GCSE and A-level school leagues out today
According to data published by the Department of Education (DoE) York, North and East Yorkshire’s schools and colleges have again performed strongly, and among those celebrating top results are pupils at York’s Fulford School, which was the top performing state school in the city at GCSE with 80 per cent of pupils getting five or more A*-C grades including English and maths.
Across the city the percentage of pupils gaining five or more A*–C grades at GCSE, including English and maths at York schools is 67 per cent, which is an improvement of four percentage points from last year.
Results for vulnerable children and those living in poverty including those on free school meals and looked after children have continued to improve, with the gap between these children and others across the city closing by three percentage points since 2011.
The results place York well above the national average, and in the top 15 per cent of Local Authorities in England.
Coun Janet Looker, cabinet member for education at City of York Council, said: “I would like to congratulate pupils and their families, teaching staff and school governors for their efforts in achieving these excellent results. Of course, behind the statistics are the real stories of personal achievement and I’m delighted that so many young people in York have achieved their personal goals.”
Maxine Squire, interim assistant director of education at City of York Council, said: “I’d like to thank all those involved in working hard to ensure that York’s secondary schools continue to be amongst the best in the country.
“It’s particularly satisfying to see the improvement made by some of the city’s most vulnerable children, as we strive to ensure that York is one of the best places in the country for all our children to grow up.”
In North Yorkshire at GCSE, more than 65 per cent of pupils achieved five A*-C results including English and maths for the second consecutive year.
The proportion of students in North Yorkshire who have attained this measure over the last three years averages at 64.7 per cent; a score which has put North Yorkshire in the top 20 per cent of local authorities nationally over this time.
Across the county the proportion of pupils achieving at least five GCSEs at A*-C, or equivalent qualifications, in any subjects was 84 per cent.
North Yorkshire also performed very strongly for achievement in the English Baccalaureate, awarded to pupils who achieve at least a C grade in five specific GCSE subjects - English, maths, a humanity, a language and two sciences. Up to 29 per cent of pupils across the county gained the English Baccalaureate, an increase of seven per cent from last year.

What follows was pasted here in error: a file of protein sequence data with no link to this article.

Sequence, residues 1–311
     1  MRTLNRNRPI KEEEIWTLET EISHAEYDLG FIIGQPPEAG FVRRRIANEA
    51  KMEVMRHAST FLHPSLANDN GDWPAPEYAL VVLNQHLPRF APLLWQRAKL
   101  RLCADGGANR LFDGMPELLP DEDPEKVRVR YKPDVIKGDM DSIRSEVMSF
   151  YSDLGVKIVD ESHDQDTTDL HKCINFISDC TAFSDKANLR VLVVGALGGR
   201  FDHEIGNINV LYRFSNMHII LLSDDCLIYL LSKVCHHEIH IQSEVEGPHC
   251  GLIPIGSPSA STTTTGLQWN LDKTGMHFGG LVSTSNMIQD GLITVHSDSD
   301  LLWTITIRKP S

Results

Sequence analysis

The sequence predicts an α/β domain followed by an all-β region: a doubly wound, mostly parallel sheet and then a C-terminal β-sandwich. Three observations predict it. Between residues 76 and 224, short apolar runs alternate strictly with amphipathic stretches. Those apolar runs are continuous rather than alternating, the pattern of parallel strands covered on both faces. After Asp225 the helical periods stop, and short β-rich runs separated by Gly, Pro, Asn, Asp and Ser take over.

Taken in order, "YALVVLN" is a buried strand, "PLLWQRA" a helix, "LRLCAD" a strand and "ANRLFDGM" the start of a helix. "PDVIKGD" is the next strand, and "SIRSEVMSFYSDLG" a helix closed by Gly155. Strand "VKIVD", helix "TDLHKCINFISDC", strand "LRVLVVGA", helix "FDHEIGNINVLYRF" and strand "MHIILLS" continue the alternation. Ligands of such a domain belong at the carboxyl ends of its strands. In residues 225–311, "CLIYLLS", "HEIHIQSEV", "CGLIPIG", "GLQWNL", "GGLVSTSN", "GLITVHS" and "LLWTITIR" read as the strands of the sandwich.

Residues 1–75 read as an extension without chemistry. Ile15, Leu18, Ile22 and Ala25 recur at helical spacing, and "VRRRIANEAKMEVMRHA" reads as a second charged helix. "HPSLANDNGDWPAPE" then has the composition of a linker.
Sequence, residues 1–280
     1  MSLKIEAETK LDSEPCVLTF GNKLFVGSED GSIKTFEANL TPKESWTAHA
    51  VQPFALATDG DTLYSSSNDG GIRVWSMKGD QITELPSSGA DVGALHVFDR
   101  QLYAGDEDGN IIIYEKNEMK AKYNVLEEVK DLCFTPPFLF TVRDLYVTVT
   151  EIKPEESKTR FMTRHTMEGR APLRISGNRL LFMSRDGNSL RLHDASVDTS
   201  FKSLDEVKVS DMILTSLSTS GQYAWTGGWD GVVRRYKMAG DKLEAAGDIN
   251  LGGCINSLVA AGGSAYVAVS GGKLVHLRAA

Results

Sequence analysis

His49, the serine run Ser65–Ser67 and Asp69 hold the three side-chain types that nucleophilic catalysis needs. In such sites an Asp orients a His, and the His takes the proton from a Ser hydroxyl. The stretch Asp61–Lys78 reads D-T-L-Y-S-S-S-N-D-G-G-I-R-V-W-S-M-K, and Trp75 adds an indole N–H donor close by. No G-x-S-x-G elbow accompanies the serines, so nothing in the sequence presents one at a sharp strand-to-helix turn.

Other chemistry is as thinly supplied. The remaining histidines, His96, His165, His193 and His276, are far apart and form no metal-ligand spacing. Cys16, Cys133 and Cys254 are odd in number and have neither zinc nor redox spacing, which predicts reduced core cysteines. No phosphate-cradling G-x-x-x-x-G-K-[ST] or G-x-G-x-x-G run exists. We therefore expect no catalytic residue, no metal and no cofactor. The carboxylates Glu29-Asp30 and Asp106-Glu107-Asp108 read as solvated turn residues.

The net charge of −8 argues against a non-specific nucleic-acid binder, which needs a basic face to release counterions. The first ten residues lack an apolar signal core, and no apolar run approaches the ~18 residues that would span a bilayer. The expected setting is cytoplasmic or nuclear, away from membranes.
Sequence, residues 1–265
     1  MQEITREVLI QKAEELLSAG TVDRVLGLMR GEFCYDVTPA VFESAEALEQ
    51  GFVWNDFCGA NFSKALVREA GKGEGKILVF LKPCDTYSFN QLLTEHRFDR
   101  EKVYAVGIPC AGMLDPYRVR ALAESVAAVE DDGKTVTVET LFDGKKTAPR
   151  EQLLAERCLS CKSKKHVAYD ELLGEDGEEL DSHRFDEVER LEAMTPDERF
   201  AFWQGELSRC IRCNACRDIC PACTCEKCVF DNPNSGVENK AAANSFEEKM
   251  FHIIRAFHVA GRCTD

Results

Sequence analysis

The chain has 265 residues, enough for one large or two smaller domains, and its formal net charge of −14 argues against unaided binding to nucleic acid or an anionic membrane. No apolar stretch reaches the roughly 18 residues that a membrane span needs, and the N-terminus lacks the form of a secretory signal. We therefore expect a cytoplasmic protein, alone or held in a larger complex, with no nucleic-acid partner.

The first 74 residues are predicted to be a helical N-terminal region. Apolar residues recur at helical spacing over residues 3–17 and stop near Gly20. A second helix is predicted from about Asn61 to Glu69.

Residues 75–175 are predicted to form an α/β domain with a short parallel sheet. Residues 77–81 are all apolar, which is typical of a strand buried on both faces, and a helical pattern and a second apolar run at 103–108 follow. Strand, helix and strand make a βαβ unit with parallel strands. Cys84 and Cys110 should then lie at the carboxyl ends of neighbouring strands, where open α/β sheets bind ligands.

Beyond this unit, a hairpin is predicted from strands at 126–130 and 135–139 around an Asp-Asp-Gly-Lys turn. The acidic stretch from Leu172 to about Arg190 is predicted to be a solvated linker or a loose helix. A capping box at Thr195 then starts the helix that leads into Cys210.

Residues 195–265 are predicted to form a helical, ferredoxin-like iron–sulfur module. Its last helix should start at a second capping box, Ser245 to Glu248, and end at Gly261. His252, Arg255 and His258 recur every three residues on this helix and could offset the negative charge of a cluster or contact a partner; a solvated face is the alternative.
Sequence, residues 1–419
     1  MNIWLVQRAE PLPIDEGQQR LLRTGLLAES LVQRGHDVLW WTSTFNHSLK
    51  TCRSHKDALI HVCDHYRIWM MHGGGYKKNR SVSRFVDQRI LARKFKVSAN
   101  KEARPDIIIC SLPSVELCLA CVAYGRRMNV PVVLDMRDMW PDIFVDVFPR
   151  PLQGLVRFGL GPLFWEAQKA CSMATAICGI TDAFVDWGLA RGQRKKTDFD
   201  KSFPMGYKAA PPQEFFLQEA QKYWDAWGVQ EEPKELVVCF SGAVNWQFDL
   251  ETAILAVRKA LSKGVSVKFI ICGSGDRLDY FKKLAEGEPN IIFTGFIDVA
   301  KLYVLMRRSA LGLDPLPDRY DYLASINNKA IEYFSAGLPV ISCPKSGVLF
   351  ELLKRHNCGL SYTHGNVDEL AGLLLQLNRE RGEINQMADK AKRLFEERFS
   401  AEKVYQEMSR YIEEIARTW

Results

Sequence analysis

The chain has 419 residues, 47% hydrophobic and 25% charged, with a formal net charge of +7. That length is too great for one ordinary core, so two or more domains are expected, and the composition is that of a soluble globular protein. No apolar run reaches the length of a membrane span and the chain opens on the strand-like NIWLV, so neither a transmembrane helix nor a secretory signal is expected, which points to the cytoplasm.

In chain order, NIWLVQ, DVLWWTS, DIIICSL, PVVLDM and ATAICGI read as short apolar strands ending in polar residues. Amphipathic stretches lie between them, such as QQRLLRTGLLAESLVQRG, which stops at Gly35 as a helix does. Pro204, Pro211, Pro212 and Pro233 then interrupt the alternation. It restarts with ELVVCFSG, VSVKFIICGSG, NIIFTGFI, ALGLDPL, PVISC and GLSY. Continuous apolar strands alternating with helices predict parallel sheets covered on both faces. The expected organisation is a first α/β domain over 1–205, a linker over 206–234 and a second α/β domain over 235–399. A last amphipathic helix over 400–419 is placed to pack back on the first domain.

Several schools have improved their five A*-C GCSE results including English and maths significantly including Malton School, King James, Norton College, Whitby Community College and Lady Lumley’s School increased the proportion of pupils achieving this outcome by over 10 per cent.
Nearly 82 per cent of North Yorkshire students gained at least three A levels or equivalent, with 16 per cent achieving the AAB grades which are needed for entry to many prestigious universities.
Coun Arthur Barker, North Yorkshire’s executive member for schools, said: “North Yorkshire has scored highly again. The figures show today that the county’s schools prepare our young people very well for their next steps into training or further and higher education.
“This means they are able to access the full range of choices, including entry to the top universities. They also show that strong partnerships between schools and between schools and the local authority have led to even higher standards.”
Meanwhile in East Yorkshire the overall percentage of children achieving five A*-C including English and maths at GCSE has improved to 61 per cent and is the best ever for schools in the county with 61.7 per cent achieving C grades or better in English and maths.
Mike Furbank, East Riding of Yorkshire Council's head of education, said: "Children in our schools supported by their teachers worked very hard to achieve this. It is good to see that the outcomes are above the national average and we await with interest to see where we sit in the national and regional picture when we see all the results today."
For a full list of the league tables see tomorrow's edition of The Press.